As the most powerful storm to blow through the Florida panhandle, Hurricane Michael left more than 1.3 million Americans without power. The aftermath of the destruction this past October, offered a revelation: renewable energy installations are more resilient than traditional electricity infrastructure, according to Environmental Defense Fund (EDF).
Two weeks after the storm, some residents in North Carolina who rely on coal-fired utilities for their power were still without electricity. Yet, Duke Energy’s solar farms sustained no damage.
Also in the wake of Hurricane Michael, Florida residents and businesses expressed continued support of renewable energy sources. According to an EDF poll earlier in the year, two-thirds of Florida business owners believe adopting clean and renewable energy practices is a good economic business decision. Also, more than half of those polled are considering installing solar energy in their homes or businesses.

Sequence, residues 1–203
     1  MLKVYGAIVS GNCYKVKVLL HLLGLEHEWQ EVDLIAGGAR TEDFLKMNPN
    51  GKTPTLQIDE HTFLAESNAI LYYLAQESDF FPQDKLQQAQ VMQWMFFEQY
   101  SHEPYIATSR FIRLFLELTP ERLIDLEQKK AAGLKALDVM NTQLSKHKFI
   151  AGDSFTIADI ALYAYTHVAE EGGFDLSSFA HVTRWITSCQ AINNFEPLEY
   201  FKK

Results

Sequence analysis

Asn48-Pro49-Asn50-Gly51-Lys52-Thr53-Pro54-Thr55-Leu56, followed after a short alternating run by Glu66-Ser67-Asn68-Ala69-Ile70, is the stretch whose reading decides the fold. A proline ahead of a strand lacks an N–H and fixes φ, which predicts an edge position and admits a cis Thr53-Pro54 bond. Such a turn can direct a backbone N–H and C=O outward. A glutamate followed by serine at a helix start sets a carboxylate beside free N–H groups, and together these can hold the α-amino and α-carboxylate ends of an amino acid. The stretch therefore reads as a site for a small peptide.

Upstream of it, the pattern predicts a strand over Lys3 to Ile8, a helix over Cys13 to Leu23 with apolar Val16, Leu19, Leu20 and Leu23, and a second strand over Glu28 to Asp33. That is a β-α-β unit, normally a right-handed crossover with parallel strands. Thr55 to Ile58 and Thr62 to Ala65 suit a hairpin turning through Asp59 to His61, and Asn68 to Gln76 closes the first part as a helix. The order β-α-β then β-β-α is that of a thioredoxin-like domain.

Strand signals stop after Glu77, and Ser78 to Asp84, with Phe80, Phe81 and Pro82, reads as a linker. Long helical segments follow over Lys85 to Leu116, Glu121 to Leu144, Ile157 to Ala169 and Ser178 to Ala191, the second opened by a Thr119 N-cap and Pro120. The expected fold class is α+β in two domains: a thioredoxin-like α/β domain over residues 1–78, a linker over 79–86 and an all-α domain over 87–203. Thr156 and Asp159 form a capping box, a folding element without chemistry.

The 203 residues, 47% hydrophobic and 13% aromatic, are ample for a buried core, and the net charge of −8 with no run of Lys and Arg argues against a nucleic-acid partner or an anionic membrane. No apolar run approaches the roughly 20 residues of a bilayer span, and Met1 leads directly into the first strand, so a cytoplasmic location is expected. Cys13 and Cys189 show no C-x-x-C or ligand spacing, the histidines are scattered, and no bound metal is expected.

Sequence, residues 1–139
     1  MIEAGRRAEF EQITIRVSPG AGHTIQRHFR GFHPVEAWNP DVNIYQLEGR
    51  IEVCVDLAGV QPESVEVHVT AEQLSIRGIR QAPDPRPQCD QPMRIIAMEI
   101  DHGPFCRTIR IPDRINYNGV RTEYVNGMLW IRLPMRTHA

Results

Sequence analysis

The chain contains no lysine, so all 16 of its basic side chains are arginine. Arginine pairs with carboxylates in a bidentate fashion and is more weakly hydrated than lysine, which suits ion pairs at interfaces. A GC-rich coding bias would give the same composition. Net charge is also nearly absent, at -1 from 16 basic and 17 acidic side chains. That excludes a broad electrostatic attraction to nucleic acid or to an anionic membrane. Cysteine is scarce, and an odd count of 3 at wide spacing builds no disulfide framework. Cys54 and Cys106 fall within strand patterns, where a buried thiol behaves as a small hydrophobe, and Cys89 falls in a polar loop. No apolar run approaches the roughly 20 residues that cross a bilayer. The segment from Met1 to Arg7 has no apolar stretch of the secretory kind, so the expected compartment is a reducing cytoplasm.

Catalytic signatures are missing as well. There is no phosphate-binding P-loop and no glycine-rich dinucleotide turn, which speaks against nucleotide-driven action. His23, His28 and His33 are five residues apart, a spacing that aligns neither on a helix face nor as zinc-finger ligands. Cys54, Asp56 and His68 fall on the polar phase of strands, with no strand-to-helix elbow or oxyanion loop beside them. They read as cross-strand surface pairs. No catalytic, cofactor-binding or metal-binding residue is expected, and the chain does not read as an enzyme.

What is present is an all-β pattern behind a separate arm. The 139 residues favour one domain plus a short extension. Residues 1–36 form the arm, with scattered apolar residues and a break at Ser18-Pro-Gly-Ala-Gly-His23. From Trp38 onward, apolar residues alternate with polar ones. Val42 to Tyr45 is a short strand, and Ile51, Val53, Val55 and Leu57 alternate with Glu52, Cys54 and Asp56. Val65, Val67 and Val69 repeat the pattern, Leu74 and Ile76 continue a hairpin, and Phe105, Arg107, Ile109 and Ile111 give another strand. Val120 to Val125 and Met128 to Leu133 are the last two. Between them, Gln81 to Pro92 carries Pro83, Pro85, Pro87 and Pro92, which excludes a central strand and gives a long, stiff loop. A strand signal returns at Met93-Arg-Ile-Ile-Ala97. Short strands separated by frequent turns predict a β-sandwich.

The EDF also maintained that Florida residents and businesses believe energy efficiency and renewable will provide business benefits for Florida. One example the EDF cited: Wind and solar energy jobs outnumber coal and gas jobs in 30 states.
The hurricane may have convinced some business leaders in Florida to support greater reliance on renewable power. “We are known as the Sunshine State. I would love for us to be known as the Solar Power state,” says Jackie Ventura, head of sustainability at the American Airlines Arena in Miami.
The EDF believes that new sources of capital can bring clean energy initiatives to Florida. Some municipalities are working to secure this funding. One example: Orlando has generated $500 million for businesses and homeowner to make renewable energy investments – ideally ready before the next big storm.